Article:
HAVE you experienced the classic “holiday debt hangover”?
This type of hangover is usually experienced during the months following the Yuletide season—when the shopping, parties and gift-giving have practically drained most of one’s financial resources.
Prevention is always better than cure. So to avoid this hang-over, it is best to plan ahead.
By planning ahead, I mean putting up a Christmas fund, doing your shopping the whole year round, and taking advantage of store sales. Doing so would spare you from holiday panic, impulse buying, overspending, and suffering financial hangover.
Now you are telling me that it is too late and that I should have told you so much earlier.
It is never too late. For next year, that is.
In the meantime, what do you do with the expenses which you have already piled up?
Here is a list of useful tips provided by the BSP Center for Learning and Inclusion Advocacy (formerly, Financial Consumer Advocacy Group).
In many cases, they have proven effective in helping wipe off one’s holiday debts.
The first step--and often the most difficult--is to admit that there is a problem that needs to be fixed.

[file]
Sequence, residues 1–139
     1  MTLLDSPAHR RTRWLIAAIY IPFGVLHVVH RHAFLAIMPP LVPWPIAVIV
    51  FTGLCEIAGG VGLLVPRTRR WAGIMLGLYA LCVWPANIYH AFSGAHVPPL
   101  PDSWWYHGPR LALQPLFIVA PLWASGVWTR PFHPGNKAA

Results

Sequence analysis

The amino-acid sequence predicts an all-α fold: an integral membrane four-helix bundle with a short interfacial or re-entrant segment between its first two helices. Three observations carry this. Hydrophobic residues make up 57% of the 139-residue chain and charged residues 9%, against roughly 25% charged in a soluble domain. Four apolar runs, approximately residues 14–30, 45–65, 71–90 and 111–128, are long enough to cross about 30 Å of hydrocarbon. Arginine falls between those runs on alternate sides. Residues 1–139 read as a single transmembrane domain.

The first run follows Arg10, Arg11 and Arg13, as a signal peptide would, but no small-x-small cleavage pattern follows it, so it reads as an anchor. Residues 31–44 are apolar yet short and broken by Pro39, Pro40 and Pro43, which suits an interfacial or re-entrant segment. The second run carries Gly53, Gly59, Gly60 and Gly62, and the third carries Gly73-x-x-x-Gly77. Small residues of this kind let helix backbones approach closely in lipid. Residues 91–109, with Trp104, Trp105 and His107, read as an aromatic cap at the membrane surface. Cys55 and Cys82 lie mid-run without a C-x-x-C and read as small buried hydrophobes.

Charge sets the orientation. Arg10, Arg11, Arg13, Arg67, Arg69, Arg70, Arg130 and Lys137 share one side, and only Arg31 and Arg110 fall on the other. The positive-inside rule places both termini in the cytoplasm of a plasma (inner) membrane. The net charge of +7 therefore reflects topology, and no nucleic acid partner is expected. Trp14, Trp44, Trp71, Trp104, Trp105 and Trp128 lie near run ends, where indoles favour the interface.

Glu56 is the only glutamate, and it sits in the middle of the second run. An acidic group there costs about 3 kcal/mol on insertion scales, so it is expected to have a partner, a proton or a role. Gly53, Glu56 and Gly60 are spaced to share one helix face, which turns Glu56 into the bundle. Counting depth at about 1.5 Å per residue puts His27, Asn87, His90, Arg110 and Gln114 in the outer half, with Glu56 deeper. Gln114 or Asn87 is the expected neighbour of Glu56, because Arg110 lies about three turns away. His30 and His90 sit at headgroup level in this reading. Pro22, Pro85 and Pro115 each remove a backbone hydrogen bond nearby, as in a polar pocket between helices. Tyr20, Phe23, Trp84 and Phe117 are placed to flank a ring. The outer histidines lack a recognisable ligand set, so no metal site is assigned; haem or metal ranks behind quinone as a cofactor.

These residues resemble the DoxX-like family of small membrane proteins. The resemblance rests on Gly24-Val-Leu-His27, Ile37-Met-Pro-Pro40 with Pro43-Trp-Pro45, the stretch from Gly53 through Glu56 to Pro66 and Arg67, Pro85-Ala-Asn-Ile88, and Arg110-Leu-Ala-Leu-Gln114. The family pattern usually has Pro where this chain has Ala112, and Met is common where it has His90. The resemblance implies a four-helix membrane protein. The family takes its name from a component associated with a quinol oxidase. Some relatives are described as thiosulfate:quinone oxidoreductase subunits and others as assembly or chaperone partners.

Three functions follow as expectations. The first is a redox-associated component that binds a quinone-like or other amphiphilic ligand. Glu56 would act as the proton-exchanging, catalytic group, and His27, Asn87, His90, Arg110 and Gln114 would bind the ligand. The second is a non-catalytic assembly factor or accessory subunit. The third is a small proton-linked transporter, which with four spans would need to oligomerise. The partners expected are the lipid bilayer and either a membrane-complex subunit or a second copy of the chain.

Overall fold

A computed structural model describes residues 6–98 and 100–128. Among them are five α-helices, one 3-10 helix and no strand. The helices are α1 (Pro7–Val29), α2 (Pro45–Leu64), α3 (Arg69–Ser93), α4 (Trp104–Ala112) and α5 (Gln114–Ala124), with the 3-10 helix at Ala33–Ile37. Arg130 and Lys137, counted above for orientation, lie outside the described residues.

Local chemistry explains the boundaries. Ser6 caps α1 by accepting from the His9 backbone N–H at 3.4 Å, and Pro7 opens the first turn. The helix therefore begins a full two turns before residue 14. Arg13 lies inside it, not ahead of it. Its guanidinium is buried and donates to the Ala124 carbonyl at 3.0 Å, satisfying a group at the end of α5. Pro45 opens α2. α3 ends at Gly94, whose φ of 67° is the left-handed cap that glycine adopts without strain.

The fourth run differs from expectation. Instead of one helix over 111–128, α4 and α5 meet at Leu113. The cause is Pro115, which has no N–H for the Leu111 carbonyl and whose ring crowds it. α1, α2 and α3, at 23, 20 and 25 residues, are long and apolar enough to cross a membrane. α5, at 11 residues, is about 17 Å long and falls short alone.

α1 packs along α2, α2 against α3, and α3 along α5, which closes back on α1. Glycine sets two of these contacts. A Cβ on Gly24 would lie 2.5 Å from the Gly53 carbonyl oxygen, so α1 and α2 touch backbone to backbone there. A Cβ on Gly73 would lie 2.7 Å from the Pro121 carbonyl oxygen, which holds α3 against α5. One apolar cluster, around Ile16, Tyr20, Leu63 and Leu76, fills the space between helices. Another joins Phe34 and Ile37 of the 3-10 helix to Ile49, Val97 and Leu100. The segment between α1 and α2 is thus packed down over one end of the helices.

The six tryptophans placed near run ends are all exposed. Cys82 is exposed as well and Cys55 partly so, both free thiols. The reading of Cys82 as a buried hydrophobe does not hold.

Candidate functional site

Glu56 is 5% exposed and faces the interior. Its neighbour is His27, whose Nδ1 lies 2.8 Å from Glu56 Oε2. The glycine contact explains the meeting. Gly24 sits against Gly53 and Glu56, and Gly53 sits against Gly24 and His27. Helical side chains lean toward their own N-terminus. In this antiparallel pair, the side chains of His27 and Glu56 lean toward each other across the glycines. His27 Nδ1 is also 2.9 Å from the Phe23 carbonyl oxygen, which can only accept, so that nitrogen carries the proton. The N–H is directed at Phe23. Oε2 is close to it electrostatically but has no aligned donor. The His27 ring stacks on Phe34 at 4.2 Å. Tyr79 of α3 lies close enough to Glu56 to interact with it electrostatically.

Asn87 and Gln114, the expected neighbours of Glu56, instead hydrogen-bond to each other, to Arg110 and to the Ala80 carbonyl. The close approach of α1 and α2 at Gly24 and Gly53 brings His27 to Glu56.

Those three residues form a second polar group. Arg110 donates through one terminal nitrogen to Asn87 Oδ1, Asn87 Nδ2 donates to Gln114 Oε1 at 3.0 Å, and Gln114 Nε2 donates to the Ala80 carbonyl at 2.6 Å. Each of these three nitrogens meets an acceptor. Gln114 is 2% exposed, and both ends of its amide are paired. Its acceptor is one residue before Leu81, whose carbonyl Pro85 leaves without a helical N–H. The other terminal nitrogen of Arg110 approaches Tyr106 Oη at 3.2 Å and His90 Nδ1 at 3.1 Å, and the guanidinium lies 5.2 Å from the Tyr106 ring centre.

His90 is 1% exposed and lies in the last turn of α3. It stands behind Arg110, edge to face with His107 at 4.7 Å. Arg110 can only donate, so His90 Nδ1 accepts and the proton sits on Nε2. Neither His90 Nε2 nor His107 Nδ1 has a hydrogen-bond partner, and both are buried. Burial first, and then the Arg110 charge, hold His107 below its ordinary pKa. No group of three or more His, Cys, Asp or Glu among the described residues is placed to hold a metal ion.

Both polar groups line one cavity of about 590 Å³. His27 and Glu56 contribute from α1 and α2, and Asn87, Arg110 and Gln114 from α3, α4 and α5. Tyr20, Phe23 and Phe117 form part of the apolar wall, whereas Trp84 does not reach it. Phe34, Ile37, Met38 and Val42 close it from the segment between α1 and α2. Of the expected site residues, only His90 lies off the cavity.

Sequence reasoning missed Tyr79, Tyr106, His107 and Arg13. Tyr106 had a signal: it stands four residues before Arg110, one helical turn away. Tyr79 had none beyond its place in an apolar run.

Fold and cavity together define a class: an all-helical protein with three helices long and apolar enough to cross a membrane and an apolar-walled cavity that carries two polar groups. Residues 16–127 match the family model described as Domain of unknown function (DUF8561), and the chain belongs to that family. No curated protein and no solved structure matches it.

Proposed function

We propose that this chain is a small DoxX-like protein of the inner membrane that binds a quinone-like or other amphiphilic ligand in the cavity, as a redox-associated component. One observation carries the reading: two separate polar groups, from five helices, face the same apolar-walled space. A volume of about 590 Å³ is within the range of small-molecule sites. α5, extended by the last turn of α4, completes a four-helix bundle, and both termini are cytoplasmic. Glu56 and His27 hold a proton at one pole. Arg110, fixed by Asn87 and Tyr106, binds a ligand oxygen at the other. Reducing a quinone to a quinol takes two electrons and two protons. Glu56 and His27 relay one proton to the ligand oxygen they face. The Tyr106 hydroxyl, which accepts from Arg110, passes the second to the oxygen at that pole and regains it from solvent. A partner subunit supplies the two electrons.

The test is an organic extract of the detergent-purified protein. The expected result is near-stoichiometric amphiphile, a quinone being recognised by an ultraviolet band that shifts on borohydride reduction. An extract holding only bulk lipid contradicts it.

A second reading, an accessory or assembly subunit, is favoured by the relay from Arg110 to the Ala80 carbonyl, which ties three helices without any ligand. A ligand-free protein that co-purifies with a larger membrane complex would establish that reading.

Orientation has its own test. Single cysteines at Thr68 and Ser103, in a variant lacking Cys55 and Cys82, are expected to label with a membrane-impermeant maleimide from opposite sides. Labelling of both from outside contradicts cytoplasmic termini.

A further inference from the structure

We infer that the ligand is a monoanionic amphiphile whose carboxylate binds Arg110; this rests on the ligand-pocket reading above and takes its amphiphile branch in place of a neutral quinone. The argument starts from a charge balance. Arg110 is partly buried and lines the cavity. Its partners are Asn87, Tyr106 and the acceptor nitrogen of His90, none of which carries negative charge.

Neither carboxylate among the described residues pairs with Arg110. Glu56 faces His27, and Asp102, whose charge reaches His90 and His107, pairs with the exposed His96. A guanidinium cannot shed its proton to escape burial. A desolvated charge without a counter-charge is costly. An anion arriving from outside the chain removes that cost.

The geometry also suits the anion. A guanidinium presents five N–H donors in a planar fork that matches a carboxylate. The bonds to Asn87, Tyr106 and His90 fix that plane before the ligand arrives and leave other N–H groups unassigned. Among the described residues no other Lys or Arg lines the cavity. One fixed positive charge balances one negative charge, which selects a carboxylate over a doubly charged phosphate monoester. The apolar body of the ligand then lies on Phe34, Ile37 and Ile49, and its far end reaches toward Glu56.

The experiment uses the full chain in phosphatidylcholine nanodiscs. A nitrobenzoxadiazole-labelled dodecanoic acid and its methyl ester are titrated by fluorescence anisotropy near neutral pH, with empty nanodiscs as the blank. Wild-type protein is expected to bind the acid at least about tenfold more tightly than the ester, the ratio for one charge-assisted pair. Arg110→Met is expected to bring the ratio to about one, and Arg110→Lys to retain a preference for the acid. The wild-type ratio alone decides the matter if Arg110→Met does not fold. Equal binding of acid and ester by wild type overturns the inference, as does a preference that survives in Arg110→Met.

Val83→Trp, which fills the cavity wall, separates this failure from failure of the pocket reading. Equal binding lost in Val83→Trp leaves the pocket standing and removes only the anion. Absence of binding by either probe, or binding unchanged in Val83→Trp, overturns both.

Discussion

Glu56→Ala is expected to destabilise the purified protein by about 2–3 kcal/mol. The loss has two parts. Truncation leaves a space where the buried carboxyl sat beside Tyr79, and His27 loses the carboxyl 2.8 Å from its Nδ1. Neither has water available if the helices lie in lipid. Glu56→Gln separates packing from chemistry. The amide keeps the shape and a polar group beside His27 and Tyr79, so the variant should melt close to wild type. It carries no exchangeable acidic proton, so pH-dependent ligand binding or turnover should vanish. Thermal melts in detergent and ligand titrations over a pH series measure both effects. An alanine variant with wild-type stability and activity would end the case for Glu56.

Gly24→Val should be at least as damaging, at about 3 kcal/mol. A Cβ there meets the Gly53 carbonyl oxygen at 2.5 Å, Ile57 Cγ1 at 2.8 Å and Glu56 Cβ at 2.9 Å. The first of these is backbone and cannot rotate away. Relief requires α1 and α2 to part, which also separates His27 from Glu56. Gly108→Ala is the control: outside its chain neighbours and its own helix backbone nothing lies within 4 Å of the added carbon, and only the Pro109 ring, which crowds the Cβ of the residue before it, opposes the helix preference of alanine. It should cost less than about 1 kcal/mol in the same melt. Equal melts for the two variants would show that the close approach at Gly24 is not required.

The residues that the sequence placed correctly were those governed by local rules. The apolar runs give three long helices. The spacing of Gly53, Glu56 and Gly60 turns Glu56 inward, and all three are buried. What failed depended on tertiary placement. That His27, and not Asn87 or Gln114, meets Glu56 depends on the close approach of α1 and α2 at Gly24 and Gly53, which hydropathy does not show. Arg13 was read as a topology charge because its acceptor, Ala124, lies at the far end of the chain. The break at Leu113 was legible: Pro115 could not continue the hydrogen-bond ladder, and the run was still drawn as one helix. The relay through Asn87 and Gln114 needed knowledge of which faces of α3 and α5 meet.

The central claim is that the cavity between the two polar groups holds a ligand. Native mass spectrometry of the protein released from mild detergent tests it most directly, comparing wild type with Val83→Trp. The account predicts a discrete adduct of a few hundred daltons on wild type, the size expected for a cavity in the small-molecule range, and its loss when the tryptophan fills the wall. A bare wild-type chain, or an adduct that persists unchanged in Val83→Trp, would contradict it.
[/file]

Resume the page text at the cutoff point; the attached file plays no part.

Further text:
-Once you have recovered your bearing, assess the damage and make a serious plan and firm commitment to pay off within a specific time frame.
-Pay debts as quickly as possible to prevent interest charges from ballooning and to protect your credit standing.
-Pay as much as you can. Do not pay just the mininum due on your credit card statement.
-Bust open your “piggy bank”. The holiday debt situation can be classified as one of the rainy days that you have been saving for.
-Maximize windfalls. If you have received a raise or earned extra cash, use them to pay off debts.
-Don’t pay credit with credit. Avoid obtaining loans to pay off your credit card debts, for example.
-Keep or lock up your credit card for the time being to avoid using it further and accumulating more debts. Use cash for purchases whenever possible. This practice disciplines you to stick to your budget by using only available cash on hand.
-Go on a spending diet. Trim the budget fat which may include limiting trips to the mall cafe, bringing lunch instead of eating out, or commuting to work.
-Sell some old stuff through the Internet or by holding a garage sale. This is also one way of clearing up the clutter in preparation for the New Year.
-When everything else fails, go for debt restructuring. Negotiate with banks and credit card companies for affordable payment terms or “paylite” schemes to help you pay off your debt.
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